The latest Prestige ClimateInvest podcast looks at the relative lack of investment into projects associated with the world’s oceans. On the podcast we have Nuno Battaglia, Chairman of Algarve Partners, who talks about his passion for the sea, but also how his family office is prioritising investments designed to support food security and help to preserve Atlantic fisheries stocks.
While there has been plenty written about the ‘green economy’ there is far less being done around the ‘blue economy’ despite the huge importance of the role played by oceans in our climate. According to the World Wide Fund For Nature, the asset base of the oceans has been very conservatively valued at USD 24 trillion a year. With the introduction of the new UN High Seas Treaty, which was signed on 5 March, more can be done to protect ocean environments outside national territorial waters. Yet sadly current efforts don’t look like they will be sufficient.
The sea remains a vital natural resource for the planet, not only covering over 70% of the world’s surface, but also supporting the livelihoods of nearly 40% of the world’s population. The UN’s 14th Sustainable Development Goal calls on the human race to conserve and sustainably use the oceans, seas and marine resources.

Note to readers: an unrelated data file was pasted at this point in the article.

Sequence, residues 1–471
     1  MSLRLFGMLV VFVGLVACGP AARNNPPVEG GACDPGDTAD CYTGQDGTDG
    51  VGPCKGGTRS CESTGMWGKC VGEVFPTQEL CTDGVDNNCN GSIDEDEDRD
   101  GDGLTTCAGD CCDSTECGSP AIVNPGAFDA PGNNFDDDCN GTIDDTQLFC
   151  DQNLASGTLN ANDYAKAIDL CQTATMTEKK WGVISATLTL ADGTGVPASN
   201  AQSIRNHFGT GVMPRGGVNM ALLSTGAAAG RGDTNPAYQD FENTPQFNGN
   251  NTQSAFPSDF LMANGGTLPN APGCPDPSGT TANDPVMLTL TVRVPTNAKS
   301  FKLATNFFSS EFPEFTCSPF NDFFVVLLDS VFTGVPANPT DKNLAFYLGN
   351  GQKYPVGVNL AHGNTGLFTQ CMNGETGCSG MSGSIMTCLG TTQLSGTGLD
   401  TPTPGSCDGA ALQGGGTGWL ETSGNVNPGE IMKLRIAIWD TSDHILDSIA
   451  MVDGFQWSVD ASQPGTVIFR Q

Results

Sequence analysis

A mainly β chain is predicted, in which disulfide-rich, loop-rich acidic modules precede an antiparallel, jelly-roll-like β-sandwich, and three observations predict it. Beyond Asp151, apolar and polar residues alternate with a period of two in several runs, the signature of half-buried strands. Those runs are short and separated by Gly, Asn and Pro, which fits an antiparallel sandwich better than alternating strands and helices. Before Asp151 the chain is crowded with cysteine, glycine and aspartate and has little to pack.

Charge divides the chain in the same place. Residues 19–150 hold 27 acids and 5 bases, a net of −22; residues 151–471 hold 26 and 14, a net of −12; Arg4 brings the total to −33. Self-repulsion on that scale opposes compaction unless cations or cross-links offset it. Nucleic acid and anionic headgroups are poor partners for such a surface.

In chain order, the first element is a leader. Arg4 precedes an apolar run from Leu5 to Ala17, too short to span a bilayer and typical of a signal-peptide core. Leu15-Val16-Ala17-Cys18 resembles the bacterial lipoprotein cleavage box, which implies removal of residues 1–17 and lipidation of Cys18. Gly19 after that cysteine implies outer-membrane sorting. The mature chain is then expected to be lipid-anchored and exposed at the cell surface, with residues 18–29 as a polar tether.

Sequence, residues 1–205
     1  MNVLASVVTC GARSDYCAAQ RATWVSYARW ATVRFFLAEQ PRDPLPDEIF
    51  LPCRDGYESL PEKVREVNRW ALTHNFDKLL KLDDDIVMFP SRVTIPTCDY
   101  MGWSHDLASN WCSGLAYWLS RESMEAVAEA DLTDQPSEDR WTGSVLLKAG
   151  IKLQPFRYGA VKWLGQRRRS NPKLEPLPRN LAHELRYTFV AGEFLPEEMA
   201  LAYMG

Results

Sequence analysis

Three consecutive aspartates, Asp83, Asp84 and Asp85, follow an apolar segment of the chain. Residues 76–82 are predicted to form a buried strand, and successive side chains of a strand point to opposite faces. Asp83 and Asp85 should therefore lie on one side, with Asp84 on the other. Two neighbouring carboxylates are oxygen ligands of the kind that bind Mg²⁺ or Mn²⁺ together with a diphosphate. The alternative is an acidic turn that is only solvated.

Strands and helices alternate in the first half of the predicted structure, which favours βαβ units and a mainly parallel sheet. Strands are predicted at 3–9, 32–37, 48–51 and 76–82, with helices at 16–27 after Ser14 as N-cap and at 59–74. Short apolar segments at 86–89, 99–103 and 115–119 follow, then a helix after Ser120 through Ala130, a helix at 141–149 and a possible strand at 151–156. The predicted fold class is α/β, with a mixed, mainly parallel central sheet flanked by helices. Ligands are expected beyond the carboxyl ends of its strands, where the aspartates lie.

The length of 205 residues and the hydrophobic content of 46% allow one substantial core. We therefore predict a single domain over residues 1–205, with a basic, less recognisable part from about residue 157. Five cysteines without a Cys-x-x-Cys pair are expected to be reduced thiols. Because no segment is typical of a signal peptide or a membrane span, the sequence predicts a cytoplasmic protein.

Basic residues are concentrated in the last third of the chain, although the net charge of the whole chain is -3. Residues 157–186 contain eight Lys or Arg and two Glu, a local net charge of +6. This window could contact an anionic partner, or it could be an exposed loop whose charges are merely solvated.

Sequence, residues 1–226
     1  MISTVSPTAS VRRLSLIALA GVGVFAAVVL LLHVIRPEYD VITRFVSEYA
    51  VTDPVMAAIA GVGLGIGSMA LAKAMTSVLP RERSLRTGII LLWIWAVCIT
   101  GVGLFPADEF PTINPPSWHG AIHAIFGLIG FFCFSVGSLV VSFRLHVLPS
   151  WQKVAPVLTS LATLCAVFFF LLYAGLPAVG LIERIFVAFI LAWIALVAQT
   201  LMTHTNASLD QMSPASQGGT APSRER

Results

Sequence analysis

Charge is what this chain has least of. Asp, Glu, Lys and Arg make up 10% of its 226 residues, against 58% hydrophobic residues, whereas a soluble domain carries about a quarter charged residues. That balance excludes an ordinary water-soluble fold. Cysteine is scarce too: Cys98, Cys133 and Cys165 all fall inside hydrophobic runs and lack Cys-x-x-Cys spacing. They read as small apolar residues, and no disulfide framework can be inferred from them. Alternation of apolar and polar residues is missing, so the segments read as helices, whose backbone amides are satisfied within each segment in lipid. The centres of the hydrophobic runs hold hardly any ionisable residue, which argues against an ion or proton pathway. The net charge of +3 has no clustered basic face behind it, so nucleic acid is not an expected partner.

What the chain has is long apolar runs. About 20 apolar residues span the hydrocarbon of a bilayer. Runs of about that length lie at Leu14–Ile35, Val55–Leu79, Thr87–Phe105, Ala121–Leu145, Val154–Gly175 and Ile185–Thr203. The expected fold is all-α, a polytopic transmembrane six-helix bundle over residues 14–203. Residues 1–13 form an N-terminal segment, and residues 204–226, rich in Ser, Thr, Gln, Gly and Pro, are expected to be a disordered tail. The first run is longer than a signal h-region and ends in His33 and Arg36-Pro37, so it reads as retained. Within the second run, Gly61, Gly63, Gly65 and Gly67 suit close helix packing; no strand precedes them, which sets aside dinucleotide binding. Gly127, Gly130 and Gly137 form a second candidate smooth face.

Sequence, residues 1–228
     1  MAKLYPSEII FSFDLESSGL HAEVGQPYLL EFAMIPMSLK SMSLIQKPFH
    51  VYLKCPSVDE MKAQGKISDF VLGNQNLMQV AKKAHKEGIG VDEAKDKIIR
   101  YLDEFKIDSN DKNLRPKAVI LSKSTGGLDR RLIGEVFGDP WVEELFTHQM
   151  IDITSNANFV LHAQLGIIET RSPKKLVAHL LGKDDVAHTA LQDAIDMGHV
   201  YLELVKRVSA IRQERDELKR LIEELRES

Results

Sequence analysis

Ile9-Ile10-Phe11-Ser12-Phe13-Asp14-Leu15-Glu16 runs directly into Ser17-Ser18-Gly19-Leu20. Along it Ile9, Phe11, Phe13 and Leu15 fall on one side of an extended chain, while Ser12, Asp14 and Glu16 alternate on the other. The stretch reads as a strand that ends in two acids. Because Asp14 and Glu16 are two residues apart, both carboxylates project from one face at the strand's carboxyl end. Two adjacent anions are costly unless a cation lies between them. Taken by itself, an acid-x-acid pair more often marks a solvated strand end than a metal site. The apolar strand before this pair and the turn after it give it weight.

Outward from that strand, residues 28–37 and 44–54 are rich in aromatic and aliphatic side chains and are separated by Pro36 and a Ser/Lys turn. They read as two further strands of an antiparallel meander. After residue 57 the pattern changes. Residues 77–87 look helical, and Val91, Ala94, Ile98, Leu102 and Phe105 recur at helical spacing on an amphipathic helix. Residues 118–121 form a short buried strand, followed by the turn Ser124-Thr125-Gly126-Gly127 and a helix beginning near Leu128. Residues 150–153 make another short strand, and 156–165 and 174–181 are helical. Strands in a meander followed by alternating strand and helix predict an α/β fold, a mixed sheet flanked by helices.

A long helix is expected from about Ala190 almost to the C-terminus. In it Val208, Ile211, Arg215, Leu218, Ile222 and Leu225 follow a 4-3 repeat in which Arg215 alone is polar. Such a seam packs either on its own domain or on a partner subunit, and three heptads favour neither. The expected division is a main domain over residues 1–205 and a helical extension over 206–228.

The ocean continues to face numerous challenges from the human population, including continuing ocean acidification and damage to coral reefs. According to the UN, in 2021 alone more than 17 million metric tons of plastic entered the world’s oceans, and this is currently projected to at least double by 2040.
Part of this neglect stems no doubt from the fact that humans are land animals, with a tendency to focus on their immediate environment, but this has led to us ignoring the importance of the sea. Many of the climate investment solutions currently being backed deal with either the land or the air, those areas most easily accessible by air breathers.
Nuno Battaglia recently took part in a large investor event in Lisbon, Portugal, which discussed what could be done to help preserve the environment in our seas. On the podcast he also talks about some of the projects his family office has invested in. But as he argues, there remains a dearth of private investment projects even for dedicated ocean funds to invest in.
While there has been quite a bit of strategic funding of blue economy investment from government and supra-national entities, there remains a gap between this and the involvement of private capital.
According to Deloitte, in 2009 developed countries around the world committed to a global climate change budget of USD 100 billion per year by 2020. The OECD says developed countries spent around USD 80 billion in 2019 on the oceans. In a 2021 paper Deloitte observes “there is a significant lack of existing or scalable mechanisms designed by governments, NGOs and international agencies to incentivise or mandate private sector investment in ocean restoration.”
Much still needs to be done.
To hear the podcast please click here.